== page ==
Read the Last Chapter First: 3 Ways to Build Succession Planning into your Park Group

I need to break some news to you: It’s pretty much inevitable that core members of your park group will eventually move on. You already knew this, right? So why are we all so determined to avoid thinking and planning for the end of a volunteer’s engagement, right from day one? 

Diane Dalkin, President of Calgary’s Friends of Reader Rock Garden Society (FoRRGS) has made a point of planning for the next volunteer board President, long before she’s ready to step away from her role with the non-profit volunteer advisory group.

Diane shared her candid advice on succession planning.

Keep the end top of mind:

From day one, Diane operated under the principle that her time at FoRRGS is finite. She openly discussed this with the Board of Directors and has used it as a guiding principle in her role.

Diane admits that this approach fundamentally changed how her group operates. Built-in succession planning pushed her team to be deliberate about codifying practices and documenting historical information. For example, FoRRGS had a long-standing verbal agreement with the City of Calgary whereby the City provides the group with free access to space and marketing materials and in return, FoRRGS leads educational programs on the site and helps raise funds for the park.

Soon after starting, Diane requested that this verbal agreement be formalized with the City and suggested an annual Letter of Understanding with the City, to ensure that future members of the group and City staff could understand and benefit from the mutual agreement, regardless of staffing changes.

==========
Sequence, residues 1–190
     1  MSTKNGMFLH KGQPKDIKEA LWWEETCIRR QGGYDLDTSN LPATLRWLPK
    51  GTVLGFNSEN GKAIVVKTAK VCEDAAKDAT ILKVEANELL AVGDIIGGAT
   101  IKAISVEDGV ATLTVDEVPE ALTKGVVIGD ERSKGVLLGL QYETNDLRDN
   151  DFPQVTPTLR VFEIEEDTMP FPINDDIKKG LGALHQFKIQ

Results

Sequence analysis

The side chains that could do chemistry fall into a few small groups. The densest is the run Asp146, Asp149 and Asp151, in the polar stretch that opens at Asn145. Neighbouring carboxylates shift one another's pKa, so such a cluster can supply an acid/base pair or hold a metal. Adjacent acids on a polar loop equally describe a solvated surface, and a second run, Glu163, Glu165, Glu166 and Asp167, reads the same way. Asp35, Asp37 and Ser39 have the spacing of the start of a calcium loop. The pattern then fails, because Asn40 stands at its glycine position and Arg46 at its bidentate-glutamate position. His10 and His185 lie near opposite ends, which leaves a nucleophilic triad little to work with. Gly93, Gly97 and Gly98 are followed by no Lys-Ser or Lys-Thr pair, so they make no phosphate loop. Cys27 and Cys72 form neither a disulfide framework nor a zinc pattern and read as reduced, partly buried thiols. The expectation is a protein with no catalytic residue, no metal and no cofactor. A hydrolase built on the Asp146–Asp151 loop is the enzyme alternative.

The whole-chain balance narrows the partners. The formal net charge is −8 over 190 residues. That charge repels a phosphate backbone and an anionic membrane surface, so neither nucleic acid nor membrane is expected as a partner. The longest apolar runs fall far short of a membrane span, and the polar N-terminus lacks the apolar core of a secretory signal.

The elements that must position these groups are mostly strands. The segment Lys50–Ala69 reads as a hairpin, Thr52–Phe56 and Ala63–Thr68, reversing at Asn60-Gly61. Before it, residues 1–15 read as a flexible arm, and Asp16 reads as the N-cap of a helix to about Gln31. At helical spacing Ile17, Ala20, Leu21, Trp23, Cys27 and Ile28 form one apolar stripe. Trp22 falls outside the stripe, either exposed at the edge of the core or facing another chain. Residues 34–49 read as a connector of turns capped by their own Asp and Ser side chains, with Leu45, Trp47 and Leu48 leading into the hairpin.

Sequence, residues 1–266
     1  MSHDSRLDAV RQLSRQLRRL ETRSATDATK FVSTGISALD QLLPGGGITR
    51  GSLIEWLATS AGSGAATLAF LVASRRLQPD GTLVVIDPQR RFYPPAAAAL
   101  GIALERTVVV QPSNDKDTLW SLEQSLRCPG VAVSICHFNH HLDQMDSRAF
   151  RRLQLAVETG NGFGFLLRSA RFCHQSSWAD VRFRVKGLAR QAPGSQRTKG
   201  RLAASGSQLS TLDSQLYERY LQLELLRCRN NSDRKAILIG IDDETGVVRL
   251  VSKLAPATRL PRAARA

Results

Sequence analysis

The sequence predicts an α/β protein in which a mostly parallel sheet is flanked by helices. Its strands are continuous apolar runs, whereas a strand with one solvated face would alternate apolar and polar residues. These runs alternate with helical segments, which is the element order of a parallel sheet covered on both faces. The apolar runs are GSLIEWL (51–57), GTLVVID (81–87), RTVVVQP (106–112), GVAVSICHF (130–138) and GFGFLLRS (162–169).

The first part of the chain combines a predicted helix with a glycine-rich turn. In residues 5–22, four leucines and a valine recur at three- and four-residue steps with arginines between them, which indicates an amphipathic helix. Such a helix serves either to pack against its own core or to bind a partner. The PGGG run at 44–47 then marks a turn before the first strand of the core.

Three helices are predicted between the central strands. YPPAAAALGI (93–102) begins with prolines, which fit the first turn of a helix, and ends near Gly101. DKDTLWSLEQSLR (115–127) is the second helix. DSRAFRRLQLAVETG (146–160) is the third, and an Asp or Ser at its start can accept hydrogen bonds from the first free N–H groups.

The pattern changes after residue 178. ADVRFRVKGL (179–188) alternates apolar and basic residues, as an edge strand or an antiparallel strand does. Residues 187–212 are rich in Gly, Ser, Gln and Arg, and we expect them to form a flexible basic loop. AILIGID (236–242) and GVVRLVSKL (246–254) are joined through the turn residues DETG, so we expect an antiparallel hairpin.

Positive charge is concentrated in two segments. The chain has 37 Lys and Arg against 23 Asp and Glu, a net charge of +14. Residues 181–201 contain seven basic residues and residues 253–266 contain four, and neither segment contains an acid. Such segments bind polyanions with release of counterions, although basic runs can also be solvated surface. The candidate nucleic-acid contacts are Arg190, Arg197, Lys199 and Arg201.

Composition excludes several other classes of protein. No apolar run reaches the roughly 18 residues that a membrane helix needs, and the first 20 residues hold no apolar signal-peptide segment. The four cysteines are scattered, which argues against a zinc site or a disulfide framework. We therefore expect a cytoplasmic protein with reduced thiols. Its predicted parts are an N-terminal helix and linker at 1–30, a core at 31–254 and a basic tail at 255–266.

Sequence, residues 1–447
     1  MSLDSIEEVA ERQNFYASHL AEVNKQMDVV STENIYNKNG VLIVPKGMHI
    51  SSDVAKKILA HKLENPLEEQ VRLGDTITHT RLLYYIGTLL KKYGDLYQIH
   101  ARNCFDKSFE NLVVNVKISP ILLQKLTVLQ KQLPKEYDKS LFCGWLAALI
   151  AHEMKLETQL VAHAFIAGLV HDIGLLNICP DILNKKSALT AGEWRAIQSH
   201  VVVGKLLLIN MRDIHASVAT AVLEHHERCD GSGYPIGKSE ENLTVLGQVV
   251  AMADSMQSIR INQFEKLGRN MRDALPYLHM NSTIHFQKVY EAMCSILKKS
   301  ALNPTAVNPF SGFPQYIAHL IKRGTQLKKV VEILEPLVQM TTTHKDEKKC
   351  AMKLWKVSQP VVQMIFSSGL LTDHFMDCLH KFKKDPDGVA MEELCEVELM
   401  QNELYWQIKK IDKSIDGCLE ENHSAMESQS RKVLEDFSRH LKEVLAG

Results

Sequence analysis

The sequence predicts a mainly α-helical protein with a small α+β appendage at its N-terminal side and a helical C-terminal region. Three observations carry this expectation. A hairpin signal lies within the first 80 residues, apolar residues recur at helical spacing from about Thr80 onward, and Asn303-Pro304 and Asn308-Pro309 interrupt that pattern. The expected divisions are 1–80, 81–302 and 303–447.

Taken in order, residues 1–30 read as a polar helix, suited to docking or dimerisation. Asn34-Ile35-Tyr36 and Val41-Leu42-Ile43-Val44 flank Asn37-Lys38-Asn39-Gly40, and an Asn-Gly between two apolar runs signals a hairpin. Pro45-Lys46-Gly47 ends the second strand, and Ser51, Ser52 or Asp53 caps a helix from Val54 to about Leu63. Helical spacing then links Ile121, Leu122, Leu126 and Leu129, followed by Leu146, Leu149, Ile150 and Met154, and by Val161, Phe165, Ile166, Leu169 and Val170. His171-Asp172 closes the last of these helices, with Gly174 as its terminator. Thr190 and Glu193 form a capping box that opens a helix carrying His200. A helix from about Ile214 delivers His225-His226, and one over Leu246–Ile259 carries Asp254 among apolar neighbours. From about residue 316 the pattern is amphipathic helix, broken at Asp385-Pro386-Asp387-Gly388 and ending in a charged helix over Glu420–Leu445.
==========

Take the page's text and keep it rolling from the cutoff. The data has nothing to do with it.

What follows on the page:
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Historical Photo from Reader Rock Garden

Create multiple entry points for new members:

Diane believes that leadership potential can come from anywhere in the organization and that welcoming new people is key to succession planning. That’s why she implemented strategies that made it easier for people to join Friends of Reader Rock Garden Society. Here’s her advice:

Build institutional knowledge:

Diane has put practices in place to ensure that important information exists in more than one person’s institutional memory.  For example, team members are encouraged to work in pairs, with a focus on information sharing. This way one member mentors the other in a particular skill. And, if one person can no longer commit to the volunteer group, someone else is prepared to step in and keep projects moving forward.  

“It is always important to periodically review, reaffirm and revise strategies for plans to work – adaptability is key”, she says.

Of course, no one likes to think of endings. But, by building the end into the beginning of your volunteer role, you can make sure that the final chapter is a happy, successful one, for everyone. 

You can learn more tips on volunteering in our recent volunteer recruitment blog.

 

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